NEW YORK (Stockpickr) -- It doesn't take a lot of vision to predict that the medical device industry will see a lot of acquisitions in 2012. After all, it happens every year.
The industry's biggest players, such as
, struggle to find ways to organically boost revenue. So they do the next best thing: Buy their way into growth. These deal-makers typically seek to bring in more products for their sales forces to pitch to customers, or they look to expand their technological knowhow by incorporating other firm's products and R&D efforts into their own.
Case in point: Roche Holdings recent efforts to acquire
. Roche wants to quickly establish a strong presence in the field of DNA analysis, and Illumina, the industry leader, provides just such an entry into the space.
for the industry's larger players.
has quickly gained traction in the field of minimally invasive spinal surgery. Sales grew steadily throughout the last decade, and management poured the company's cash flow back into R&D and an expanded salesforce.
Trouble is, the shaky health care spending environment has led to temporary reimbursement challenges from insurers. As a result, Nuvasive's sales growth is slowing. 25% top-line growth is now in the teens and could hit just 10% in 2013.
Yet over the long haul, this should remain a steady grower. Nuvasive's technology yields shorter hospital stays and reduced recurrences of back pain, which saves the health care system money in the long-term.
Many investors focus on
as the clear leader in this space, but shares aren't cheap, trading at 12 times trailing sales. For Nuvasive, that figure is less than 2. That low valuation has surely placed Nuvasive on the radar of potential acquirers.
sells a wide range of vascular devices used in surgery and post-operative environments. The company's sales have always grown at a moderate -- if unspectacular -- pace and now top $200 million. What AngioDynamics might lack in cutting edge technology, it surely makes up for in terms of low company valuations. Nearly half of the $300 million market value is accounted for in cash, which means shares trade for less than one times sales on an enterprise value basis.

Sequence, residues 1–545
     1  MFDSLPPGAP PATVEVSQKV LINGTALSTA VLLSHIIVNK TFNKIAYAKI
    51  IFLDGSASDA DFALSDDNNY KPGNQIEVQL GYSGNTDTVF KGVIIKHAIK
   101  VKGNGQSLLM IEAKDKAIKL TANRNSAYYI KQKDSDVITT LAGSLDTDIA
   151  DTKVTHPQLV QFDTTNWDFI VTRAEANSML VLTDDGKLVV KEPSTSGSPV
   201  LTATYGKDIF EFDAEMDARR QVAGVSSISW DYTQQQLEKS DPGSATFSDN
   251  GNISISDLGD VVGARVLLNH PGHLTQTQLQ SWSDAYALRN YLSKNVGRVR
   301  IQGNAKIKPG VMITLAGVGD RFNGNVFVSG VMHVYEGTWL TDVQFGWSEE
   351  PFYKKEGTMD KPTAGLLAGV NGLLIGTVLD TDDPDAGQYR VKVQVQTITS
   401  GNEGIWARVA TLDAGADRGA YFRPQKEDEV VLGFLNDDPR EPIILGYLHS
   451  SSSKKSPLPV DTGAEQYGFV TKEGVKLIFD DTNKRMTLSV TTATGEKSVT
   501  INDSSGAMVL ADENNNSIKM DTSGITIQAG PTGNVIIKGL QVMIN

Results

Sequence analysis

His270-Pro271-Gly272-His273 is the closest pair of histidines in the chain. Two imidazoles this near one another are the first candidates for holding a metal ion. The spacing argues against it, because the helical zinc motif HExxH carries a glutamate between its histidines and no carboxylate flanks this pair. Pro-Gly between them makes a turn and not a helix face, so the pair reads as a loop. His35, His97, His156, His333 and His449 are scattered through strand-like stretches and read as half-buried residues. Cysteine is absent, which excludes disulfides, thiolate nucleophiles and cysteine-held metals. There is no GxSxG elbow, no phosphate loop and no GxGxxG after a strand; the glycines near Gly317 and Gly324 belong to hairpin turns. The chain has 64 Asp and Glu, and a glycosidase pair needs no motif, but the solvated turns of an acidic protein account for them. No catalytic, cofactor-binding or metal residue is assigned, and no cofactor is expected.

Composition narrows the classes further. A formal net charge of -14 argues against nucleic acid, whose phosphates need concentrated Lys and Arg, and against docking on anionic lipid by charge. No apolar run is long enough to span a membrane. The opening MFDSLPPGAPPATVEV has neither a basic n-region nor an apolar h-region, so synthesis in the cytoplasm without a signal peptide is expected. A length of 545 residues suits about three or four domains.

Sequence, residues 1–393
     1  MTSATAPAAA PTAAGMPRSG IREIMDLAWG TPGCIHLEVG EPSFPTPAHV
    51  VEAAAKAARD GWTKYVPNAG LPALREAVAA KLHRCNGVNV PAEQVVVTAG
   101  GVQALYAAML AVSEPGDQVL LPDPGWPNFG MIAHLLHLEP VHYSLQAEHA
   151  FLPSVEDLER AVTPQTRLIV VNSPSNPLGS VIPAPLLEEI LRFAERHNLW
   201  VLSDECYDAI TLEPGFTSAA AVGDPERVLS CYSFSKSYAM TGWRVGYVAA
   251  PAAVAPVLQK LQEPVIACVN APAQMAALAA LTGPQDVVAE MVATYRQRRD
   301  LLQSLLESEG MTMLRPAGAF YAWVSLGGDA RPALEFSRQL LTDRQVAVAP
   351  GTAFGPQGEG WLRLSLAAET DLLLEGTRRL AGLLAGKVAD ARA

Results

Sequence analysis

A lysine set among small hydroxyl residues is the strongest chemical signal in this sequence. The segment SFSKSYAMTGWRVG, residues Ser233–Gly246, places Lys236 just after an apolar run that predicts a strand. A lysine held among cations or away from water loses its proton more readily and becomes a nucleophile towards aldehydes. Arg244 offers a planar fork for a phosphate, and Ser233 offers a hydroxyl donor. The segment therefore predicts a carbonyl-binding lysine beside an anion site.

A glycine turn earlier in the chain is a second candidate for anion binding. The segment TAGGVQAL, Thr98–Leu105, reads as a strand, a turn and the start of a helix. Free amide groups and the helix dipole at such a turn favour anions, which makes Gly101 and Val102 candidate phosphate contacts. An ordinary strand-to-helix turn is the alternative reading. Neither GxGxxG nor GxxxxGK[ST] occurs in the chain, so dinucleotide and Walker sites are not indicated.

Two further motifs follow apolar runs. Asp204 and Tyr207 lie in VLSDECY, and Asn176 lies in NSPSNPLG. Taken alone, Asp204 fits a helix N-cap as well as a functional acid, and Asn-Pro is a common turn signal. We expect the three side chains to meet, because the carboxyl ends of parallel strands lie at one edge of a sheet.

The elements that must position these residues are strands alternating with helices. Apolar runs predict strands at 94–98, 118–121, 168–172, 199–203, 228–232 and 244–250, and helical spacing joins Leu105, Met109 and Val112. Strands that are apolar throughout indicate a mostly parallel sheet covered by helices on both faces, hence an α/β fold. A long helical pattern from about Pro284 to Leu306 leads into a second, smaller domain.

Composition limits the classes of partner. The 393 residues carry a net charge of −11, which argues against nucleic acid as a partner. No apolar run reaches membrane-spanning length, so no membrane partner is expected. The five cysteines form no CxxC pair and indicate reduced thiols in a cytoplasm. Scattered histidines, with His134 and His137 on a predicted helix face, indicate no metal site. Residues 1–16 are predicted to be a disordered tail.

New management has come in to clean up operations. In the past few years, this company had developed a reputation for sloppy manufacturing practices, which raised the ire of regulators at the Food & Drug Administration. Those concerns are now being addressed, and management is so convinced that business will improve that it's been buying up shares with its own funds.
This stock is down from $20 in 2007 to a recent $12.44. It could move back up to that five-year high if it were to be acquired at a value in line with peers.
is a company with impressive technology but limited capital to exploit it, making it the ideal acquisition target. BSD's systems are used to treat certain tumors with heat (hyperthermia), while increasing the effectiveness of other therapies such as radiation therapy.
The clinical data in support of BSD's devices have been quite strong. Trouble is, these devices are fairly expensive, and few customers have signed up so far. BSD has been trying to place devices with the industry's leading oncology surgery centers, in hopes that word for mouth will lead to further new sales leads.
As a micro-cap, this is a speculative play, but it may soon pop on more investors' radars as industry buzz finally starts to build.
is another micro-cap (market value: $105 million) with big plans. It has a steady market share of private-label wound care products. It's a growing market thanks to the rising incidence of diabetes, as diabetics tend to be slow healers at heightened risk of infections with open wounds.
In recent quarters, the company has been pouring considerable R&D funds into a new treatment that targets diabetic foot ulcers. Derma's DSC127 has shown strong results in the first two phases of clinical testing and will soon enter Phase III. The company recently raised nearly $20 million to fund more research but would gladly find a major partner to most effectively market DSC127 if it gets FDA approval.
Companies such as
Johnson & Johnson
have expressed the desire to deepen their presence in the wound care market, and Derma Sciences would help expedite that goal.
As noted earlier, Roche is willing to pay more than $5 billion to acquire gene sequencing firm Illumina. But other firms looking to enter the space may end up targeting another industry player for just a fraction of that price.
currently is worth less than zero, after you remove the company's $161 million cash balance from the equation. PACB is valued at $143 million on the open market.
The stock is so cheap simply because this gene sequencer is roughly a half decade behind Illumina on the development curve. While Illumina is expected to boost sales roughly 8% in 2013 to around $1.2 billion, Pacific Biosciences' sales won't likely top $40 million by then.
Yet investors may be overlooking how much money has already gone into the company's technology base. Pacific Biosciences has spent a cumulative $250 million in R&D over the last three years, giving the company a considerable headstart for any firm that wants to enter into this biotechnology niche.
Right now, this stock is getting little investor affection simply because it is unprofitable -- and will likely remain that way for at least a few more years. Yet for potential acquirers, that loss can be easily absorbed if it means getting control of the company's technology platform.
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At the time of publication, author had no positions in stocks mentioned.